Skylights featured on Astronomy Picture of the Day

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Skylights featured three times on Earth Science Picture of the Day: 1 , 2 , 3 , 4 .

Rising Sun

Photo of the Week.. A misty summer sunrise brings memories of warmer weather.

Astronomy news for the week starting Friday, December 19, 2003.

Best wishes for a fine holiday season.

The Moon rambles along through the zodiac toward its new phase, which it will pass on Tuesday, December 23, shortly before sunrise in North America. The early part of the week, it will appear as a slimming crescent in the dawn sky, while to the end of the week it will be seen climbing out of evening twilight. You might catch your first glimpse of it low in the southwest just after sundown on Wednesday, the 24th, Christmas Eve. Then on Christmas night we will be treated to a lovely pairing of the Moon with Venus, the Moon lying to the left of the brilliant planet, the nighttime side of the lunar disk glowing softly with light reflected from the Earth, the sight poetically called "the old Moon in the new Moon's arms." Almost exactly a day before new, the Moon passes perigee, when it is just over five percent closer than average, the combination with the new phase bringing especially high tides to the coasts.

As twilight ends, look for Saturn rising to the northeast in Gemini and for Mars transiting the meridian. Jupiter then rises in the east shortly before midnight.

The big event of the week, however, deals not with the Moon and planets, but with the Sun, which will pass the winter solstice in Sagittarius the night of Sunday the 21st to mark the beginning of astronomical winter. For North America, the actual date depends on where you are. On the east coast, the Sun bottoms out at 23 degrees 26 minutes below the equator at 2:04 AM Eastern Standard Time the morning of Monday the 22nd. In the middle of the continent, the time will be 1:04 AM CST, 12:04 AM MST, while on the west coast the event takes place at 11:04 PST on Sunday the 21st, the date also for Alaska and Hawaii (respectively at 10:04 and 9:04 PM).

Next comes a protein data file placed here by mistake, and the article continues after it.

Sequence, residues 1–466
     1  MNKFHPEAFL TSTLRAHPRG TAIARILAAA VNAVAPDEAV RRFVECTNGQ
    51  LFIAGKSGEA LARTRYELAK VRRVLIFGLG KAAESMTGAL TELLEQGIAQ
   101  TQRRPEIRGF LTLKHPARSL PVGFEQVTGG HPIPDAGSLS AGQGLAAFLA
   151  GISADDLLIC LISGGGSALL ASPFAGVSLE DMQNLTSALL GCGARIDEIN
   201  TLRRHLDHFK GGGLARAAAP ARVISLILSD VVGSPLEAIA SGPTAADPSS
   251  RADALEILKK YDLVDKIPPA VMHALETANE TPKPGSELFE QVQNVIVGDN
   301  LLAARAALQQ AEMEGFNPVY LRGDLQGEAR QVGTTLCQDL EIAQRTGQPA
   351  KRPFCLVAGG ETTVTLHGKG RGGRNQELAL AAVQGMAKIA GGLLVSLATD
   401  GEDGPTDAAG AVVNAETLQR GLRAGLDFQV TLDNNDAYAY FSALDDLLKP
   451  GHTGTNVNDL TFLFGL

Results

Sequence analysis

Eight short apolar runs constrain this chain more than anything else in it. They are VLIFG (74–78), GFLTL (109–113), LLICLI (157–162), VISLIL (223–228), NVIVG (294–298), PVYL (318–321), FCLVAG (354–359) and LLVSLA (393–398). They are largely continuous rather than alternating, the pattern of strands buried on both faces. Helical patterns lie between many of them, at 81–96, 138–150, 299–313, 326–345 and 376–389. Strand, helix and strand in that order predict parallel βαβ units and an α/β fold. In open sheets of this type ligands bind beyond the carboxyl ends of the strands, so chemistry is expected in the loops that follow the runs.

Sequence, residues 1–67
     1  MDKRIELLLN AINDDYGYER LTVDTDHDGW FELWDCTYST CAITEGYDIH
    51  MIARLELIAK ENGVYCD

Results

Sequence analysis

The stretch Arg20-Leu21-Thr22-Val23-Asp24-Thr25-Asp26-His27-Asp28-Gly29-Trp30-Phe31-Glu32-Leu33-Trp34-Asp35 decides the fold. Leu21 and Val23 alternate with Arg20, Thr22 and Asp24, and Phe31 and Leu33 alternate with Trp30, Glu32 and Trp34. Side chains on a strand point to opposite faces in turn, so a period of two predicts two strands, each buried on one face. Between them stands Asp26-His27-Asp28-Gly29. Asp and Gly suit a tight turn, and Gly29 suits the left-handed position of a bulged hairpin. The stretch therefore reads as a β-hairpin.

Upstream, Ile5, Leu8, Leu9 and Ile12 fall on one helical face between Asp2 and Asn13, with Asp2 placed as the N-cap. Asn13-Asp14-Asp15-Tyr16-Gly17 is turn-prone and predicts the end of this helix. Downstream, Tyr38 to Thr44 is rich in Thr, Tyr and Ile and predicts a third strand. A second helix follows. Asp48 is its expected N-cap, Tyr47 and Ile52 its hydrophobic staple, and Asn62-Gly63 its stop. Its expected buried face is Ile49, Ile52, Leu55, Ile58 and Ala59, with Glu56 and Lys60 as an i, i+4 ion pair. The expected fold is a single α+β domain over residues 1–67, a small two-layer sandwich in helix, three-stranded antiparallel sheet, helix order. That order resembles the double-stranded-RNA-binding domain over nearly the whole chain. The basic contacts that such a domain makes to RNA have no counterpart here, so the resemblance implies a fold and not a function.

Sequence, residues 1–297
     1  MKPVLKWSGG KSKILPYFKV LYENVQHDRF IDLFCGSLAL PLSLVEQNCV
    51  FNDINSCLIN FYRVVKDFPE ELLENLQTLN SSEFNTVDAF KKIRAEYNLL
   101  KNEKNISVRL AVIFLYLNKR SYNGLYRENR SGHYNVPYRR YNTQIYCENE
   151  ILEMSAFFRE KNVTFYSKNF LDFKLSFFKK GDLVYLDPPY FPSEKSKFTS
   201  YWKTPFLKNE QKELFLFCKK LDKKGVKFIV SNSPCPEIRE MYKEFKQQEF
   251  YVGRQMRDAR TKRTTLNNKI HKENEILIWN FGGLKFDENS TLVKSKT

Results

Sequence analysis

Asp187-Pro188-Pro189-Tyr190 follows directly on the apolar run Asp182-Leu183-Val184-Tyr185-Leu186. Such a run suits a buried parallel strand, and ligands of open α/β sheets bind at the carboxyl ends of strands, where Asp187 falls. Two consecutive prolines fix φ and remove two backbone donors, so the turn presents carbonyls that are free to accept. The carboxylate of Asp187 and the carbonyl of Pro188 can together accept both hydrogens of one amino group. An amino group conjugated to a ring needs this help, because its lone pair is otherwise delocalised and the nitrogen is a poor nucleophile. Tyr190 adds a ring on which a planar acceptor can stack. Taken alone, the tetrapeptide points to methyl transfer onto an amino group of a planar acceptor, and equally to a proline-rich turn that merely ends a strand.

At the moment of solstice passage, the Sun will appear as far to the south at noon as possible, will rise as far as possible to the south of east, and will set its maximum to the southwest. In the northern hemisphere, we will experience our least heating, shortest day, and longest night, while southern hemisphere residents will have their longest day and shortest night. The Sun will also pass overhead at the Tropic of Capricorn, at a latitude of 23 degrees 26 minutes south. From that moment on, the Sun will begin to move to the north, though so slowly at first that mid-northern latitudes will continue to chill. The next passage of note will mark the beginning of spring, which will take place the morning of March 20 on the east coast, the evening of the 19th on the west, the event again closely coinciding with new Moon.

Around 8 PM look for a stack of constellations that begins with Andromeda nearly overhead in mid-latitudes, then cascades to the south through Triangulum and Aries (both flat triangles), through the head of Cetus, and then down to western Eridanus, the River, which announces the arrival heart of the winter constellations, including mighty Orion.
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